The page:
- The UAE seeks Covid test report received within 6 hours before departure
- 40,000-50,000 UAE migrants are unable to return to work
- The UAE has around 12 lakh Bangladeshi workers, the second highest after Saudi Arabia
- Visas of many migrants have expired
Inward foreign remittance is likely to decline further if thousands of migrant workers cannot fly back to the United Arab Emirates to rejoin work for the lack of RT PCR labs at international airports in the country.
About 40,000-50,000 migrants are stuck here because the destination country seeks a report of a Covid test done within six hours before travellers have boarded their flights.
Many of them have got their visas expired while some worry that they may lose their jobs if they cannot reach the UAE in time.
This is the backdrop to stranded returnees having gone on fast unto death in front of the Expatriates' Welfare and Overseas Employment Ministry at Eskaton in the capital on Tuesday, demanding setting up of a Covid testing facility at every international airport.
The UAE, according to an unofficial estimate, has around 12 lakh Bangladeshi workers, the second highest after Saudi Arabia.
They sent home nearly $2440 million in the last fiscal year, which was the 3rd highest country-wise inward remittance.
Asif Munier, a migration expert told TBS, "We have been observing mismanagement in handling the migration process of stranded migrants amid the pandemic. Earlier, the returnees have demonstrated over tickets, vaccine and quarantine fees. Now, they are struggling for RT PCR test facilities."
Though these are temporary problems, they have long lasting negative impacts on remittance.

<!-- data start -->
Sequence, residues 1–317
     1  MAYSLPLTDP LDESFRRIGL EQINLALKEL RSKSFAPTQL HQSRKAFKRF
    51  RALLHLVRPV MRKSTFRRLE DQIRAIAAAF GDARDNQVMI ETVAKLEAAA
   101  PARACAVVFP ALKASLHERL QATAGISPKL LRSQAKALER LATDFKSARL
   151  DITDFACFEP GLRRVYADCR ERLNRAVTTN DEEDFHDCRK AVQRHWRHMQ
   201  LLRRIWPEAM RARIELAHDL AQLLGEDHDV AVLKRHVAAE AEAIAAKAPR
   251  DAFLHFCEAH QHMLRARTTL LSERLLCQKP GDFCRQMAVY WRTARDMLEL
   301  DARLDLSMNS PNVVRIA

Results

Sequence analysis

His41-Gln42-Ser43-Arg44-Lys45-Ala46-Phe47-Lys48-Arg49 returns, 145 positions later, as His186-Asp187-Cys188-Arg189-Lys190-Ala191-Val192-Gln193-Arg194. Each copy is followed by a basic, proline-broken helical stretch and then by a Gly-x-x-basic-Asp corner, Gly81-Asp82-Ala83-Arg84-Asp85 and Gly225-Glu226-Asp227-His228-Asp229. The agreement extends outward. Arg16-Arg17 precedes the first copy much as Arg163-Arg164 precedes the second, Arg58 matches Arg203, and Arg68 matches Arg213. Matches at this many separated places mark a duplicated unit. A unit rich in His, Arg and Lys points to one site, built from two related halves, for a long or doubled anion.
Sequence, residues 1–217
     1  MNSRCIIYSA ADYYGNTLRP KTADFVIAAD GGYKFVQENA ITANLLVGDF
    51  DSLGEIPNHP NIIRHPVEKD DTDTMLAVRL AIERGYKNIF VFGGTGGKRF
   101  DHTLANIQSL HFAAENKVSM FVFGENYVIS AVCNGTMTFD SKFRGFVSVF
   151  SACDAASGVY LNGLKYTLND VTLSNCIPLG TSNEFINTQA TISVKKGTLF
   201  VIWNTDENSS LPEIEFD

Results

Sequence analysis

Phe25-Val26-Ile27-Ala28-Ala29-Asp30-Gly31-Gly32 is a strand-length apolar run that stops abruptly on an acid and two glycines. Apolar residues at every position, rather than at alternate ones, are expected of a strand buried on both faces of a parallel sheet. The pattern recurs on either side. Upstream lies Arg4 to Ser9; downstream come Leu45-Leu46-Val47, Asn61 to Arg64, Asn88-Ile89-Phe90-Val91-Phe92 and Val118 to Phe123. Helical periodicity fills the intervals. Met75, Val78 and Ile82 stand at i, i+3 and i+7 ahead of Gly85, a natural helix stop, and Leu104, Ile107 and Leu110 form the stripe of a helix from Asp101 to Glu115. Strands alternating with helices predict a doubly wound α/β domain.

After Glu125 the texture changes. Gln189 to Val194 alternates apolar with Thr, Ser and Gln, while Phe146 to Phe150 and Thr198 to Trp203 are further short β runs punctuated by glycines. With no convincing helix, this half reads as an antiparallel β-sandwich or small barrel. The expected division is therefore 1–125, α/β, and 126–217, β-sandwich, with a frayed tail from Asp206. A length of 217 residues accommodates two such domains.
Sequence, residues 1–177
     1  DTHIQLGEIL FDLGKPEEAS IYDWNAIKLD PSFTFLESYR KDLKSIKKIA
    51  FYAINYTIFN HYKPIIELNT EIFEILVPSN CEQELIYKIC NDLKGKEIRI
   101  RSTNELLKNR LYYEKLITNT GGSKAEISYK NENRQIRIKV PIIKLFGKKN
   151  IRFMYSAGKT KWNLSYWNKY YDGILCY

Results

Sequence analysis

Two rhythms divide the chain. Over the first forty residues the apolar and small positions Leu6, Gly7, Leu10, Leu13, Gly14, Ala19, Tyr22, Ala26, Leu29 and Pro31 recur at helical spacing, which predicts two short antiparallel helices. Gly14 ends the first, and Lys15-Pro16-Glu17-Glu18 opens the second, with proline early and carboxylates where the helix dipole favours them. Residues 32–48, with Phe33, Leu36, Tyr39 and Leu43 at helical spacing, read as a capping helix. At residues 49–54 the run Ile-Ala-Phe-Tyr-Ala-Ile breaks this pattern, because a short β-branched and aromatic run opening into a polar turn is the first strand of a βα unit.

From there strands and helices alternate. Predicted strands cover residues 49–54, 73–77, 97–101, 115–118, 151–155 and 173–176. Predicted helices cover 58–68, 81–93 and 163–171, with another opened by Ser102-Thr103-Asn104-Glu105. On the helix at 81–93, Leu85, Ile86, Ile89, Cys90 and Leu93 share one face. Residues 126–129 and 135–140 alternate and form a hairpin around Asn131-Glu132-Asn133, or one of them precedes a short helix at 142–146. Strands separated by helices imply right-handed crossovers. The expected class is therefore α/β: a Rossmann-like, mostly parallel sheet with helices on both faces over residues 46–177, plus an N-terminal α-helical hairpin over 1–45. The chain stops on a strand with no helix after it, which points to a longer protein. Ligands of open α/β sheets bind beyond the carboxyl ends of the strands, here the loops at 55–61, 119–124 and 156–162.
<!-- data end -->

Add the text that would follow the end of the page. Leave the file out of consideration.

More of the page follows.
Meanwhile, at a cabinet meeting on 6 September, Prime Minister Sheikh Hasina instructed the authorities concerned to install RT-PCR testing facilities at the international airports in Dhaka, Chattogram, and Sylhet within the next two to three days.
Expatriate Welfare and Overseas Employment Minister Imran Ahmed could not say even on Tuesday as to when PCR tests will begin at the airports.
At a press briefing, he said the authority would decide who would get the job by the end of the day.
One or more companies from the private healthcare sector may get the job. The health ministry will make the decision. The company selection will depend on how fast results are turned up after tests and low cost.
The selected company or companies will inform when to roll out the PCR testing facility, said the overseas employment minister.
Woes of migrants
To hold a demonstration on Tuesday morning, 100 agitated expatriates gathered in front of the expatriates' welfare ministry.
Md Giasuddin from Gazipur said the situation had become unbearable for those unable to return to their workplaces.
"I have been in the country for nearly nine months. I had to borrow over Tk4 lakh to cover the expenses of my family."
Gias lamented the delay in setting up PCR labs despite assurances while migrants are at risk of losing jobs.
"My visa expiry date is getting closer. I bought a ticket to the UAE in June. That expired already," he said.
Another returnee, Ashiqul Islam Shohag awaits his departure to Abu Dhabi.
He complained that migrants were unable to return though the UAE government had eased travel restrictions.
A group of returnees from the demonstration went to attend a meeting with Minister Imran Ahmed at his office.
One of them, Salah Uddin told The Business Standard that they wanted a specific deadline, by which the testing facility would become available.
"The minister assured us that the deadline will be set by Wednesday. That is why we decided to call off the hunger strike for now," he added.
The UAE suspended flights from Bangladesh, India and Pakistan in April amid a spike in COVID cases due to the Delta variant.
On Friday, it relaxed certain rules so that its residents can return including those stuck in Bangladesh, reports Khaleej Times.
However, passengers must produce a Covid test result received within six hours of departure.
The inflow of remittance from expatriate Bangladeshis, which maintained an upward trend throughout the last fiscal year amid the pandemic, dropped by 19% year-on-year in the first two months of the current fiscal year.